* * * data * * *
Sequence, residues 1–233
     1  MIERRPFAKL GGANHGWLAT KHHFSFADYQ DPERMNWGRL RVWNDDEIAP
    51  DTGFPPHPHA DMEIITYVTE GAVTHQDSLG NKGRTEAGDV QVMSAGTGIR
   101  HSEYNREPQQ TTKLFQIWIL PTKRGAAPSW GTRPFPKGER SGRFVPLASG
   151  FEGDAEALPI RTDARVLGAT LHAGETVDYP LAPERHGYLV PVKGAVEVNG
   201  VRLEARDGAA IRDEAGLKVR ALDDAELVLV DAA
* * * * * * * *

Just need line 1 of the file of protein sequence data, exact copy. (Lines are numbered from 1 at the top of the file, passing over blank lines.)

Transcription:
Sequence, residues 1–233